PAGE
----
Today was a packed day at Harvard’s #CS50 AP bootcamp here at the Microsoft Headquarters. I learned so many things about Harvard’s plans for the rollout of AP CS50, and learned that we all have questions that only time will answer.
For me, the question of the day was, “What makes me love CS50 so much?”
As I consider this question carefully, and try to parse what makes this feel completely different from my undergraduate experience in Computer Science, I realize that CS50 is full of joy, and for me, that is its most important ingredient.
Within the first hour of the day, we were treated to a hands-on lecture from the inspiring Professor David J. Malan. I had a blast trying to follow pseudo-code instructions from my peers to make a peanut butter sandwich. Needless to say, I couldn’t stop laughing when the instruction required me to “Spread the peanut butter with my nose.” And I will likely never make a PB&J without remembering, you got it, the joy in that moment.
Experiences like these have come to be the trademarks of CS50, and indeed, I am naturally drawn to the theatricality of this course. Not surprisingly, engaging lessons in which the students actively stand up and become the numbers in a sorting algorithm, or watch a phone book ripped in half to see the size of a problem literally cut in half make the content of the course memorable, meaningful, and dare I say, even fun!
There is also a pure generosity and lack of pretense surrounding this course, which is shared widely with anyone that wants to participate. Teachers who are participating in the AP CS50 pilot have been asked to provide feedback and contribute to the development of the high school course. We have been told that Harvard wants to know what we need in order to serve our students. They have promised to work with Microsoft to create course materials to help us succeed in this project, and seem truly eager to collaborate. So, here I am, early in my CS teaching career, being asked to give feedback to Harvard and Microsoft! What’s not to love?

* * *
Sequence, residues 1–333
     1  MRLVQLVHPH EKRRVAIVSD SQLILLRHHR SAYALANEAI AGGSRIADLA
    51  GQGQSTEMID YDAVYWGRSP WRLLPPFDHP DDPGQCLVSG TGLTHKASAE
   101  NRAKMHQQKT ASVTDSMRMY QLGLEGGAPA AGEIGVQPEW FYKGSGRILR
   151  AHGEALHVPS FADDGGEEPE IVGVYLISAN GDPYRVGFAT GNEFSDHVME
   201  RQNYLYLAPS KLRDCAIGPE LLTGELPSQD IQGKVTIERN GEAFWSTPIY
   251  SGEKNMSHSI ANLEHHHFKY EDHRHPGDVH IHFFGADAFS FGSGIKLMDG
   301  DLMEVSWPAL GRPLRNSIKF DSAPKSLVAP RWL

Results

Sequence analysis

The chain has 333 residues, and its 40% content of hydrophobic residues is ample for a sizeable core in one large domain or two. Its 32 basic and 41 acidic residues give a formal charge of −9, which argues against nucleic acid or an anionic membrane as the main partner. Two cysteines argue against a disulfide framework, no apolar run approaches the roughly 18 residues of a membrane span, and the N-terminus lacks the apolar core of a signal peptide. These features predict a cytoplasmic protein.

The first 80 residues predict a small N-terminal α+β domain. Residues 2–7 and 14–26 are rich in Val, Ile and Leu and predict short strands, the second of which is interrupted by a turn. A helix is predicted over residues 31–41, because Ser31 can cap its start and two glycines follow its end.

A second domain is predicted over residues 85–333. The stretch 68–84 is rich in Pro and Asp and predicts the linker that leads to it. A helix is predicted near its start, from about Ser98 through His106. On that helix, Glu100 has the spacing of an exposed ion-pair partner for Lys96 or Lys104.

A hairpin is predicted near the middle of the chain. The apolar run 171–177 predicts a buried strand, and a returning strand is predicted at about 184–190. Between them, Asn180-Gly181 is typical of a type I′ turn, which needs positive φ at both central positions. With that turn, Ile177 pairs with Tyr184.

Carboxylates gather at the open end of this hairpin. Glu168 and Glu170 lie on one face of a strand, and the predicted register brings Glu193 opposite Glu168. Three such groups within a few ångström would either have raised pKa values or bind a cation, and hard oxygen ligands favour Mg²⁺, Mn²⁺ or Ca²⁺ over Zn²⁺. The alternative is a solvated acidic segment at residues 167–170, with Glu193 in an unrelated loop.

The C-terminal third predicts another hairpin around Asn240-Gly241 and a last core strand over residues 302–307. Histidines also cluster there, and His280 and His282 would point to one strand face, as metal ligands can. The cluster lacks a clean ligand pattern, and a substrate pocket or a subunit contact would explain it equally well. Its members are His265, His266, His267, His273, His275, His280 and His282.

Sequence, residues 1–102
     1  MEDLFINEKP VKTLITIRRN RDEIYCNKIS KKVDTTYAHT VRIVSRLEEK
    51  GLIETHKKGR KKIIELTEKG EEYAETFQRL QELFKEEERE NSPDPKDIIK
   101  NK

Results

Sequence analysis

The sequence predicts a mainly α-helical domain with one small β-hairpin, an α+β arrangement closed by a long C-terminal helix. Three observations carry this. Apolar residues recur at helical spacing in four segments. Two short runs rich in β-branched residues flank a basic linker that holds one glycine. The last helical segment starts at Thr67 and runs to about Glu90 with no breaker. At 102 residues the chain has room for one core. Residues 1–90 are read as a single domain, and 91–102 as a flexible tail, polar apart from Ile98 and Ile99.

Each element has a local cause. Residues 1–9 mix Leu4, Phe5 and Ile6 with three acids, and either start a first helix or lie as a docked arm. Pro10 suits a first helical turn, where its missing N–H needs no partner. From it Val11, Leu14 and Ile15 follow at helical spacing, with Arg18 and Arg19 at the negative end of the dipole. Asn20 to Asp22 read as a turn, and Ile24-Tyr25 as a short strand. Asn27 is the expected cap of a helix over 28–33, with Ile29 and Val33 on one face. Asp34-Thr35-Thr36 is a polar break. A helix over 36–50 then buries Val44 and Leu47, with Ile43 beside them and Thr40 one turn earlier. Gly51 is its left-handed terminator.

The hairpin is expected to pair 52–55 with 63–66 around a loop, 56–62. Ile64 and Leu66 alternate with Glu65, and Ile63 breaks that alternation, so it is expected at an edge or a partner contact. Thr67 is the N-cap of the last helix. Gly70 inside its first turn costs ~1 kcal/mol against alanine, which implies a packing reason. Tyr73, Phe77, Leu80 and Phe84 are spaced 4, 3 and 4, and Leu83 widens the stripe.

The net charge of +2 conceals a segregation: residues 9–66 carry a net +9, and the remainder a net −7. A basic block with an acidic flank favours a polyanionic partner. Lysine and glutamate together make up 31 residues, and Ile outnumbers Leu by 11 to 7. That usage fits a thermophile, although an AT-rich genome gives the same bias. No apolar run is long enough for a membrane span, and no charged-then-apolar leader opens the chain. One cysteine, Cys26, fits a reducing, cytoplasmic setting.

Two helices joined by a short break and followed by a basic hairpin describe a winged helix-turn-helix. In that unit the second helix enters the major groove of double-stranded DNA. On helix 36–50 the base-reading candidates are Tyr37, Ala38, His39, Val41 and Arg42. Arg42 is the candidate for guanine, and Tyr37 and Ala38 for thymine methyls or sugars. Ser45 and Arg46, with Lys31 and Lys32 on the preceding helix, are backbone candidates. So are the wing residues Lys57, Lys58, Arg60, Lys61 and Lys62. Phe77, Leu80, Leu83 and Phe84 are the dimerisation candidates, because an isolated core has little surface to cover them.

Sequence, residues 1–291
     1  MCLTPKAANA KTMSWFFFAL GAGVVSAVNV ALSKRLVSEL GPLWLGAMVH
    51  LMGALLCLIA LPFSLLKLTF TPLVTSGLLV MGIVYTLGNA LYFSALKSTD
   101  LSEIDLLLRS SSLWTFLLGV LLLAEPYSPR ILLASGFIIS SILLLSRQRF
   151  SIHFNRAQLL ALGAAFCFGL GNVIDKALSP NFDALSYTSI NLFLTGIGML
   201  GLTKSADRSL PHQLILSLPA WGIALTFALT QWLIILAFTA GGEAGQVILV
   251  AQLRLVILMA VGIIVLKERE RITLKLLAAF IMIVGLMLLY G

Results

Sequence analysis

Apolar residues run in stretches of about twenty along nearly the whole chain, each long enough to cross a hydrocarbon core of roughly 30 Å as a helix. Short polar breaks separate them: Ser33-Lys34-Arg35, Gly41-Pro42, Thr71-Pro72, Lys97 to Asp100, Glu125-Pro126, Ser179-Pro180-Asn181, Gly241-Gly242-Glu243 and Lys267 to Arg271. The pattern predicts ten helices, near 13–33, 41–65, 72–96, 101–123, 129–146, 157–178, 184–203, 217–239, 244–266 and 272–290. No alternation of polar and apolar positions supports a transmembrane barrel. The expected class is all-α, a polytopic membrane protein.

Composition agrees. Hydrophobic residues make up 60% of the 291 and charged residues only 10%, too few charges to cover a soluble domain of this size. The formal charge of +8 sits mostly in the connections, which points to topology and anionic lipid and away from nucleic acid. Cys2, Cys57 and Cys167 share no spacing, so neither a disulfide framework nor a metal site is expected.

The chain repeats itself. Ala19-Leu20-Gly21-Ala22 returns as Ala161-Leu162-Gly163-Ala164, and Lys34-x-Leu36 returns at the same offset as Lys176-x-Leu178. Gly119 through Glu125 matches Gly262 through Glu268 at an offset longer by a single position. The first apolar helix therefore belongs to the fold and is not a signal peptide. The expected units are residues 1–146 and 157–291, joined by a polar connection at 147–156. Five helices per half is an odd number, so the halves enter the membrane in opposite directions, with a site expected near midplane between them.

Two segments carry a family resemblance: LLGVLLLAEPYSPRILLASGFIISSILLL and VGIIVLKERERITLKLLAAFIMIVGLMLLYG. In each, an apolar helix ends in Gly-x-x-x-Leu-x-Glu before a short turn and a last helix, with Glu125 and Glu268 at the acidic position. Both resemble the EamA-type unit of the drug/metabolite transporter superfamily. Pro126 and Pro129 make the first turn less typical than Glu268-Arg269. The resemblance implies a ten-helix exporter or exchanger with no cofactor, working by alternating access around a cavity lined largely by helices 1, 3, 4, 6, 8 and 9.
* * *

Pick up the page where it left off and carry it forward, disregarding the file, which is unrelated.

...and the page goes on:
I am also excited about the tribe of other high school educators, whose experiences and teaching strategies will contribute to my own classroom in the coming year. Already, I feel connected to them and look forward to taking on this challenge, and creating something together in a non-competitive, truly collaborative way. We began our time together doing puzzles and laughing, and now I feel empowered to ask them for help when I need it.
At Harvard, CS50 sponsors a Puzzle Day, Hackathon, and Project Fair to develop this same comfort asking for help among their students. Students listen to music, have food and caffeine in abundance, and “play” together during these events. AP CS50 teachers are being encouraged to implement these events at our own schools so that our students can have the experience of “playing” while doing something rigorous and worthwhile. At the mini-Hackathon and throughout the day today, we were encouraged to document our experience by dressing up to take silly pictures in a photo booth.
As I walked out, folks were trying to see how many poufs they could balance on their heads. Silliness and extreme productivity coexisted in a beautiful way. We spent the day tackling complex, challenging problems, and yet there were smiles all around, and an overall feeling of empowerment.
While considering why no one looked daunted by the enormity of the task before us, I was reminded of some research that I read in graduate school about Piaget’s Theory of Play, distilled in Teach Like a Champion as the “J-Factor“: “The J-Factor will help your students get more comfortable in your classroom and these games will help them understand the information you give them.” Today at CS50 bootcamp, the J-Factor definitely helped me, and I plan to foster it in all of my classes next year.
It will be a year of joy as I dance and sing through CS50 with my students, and I can’t wait!
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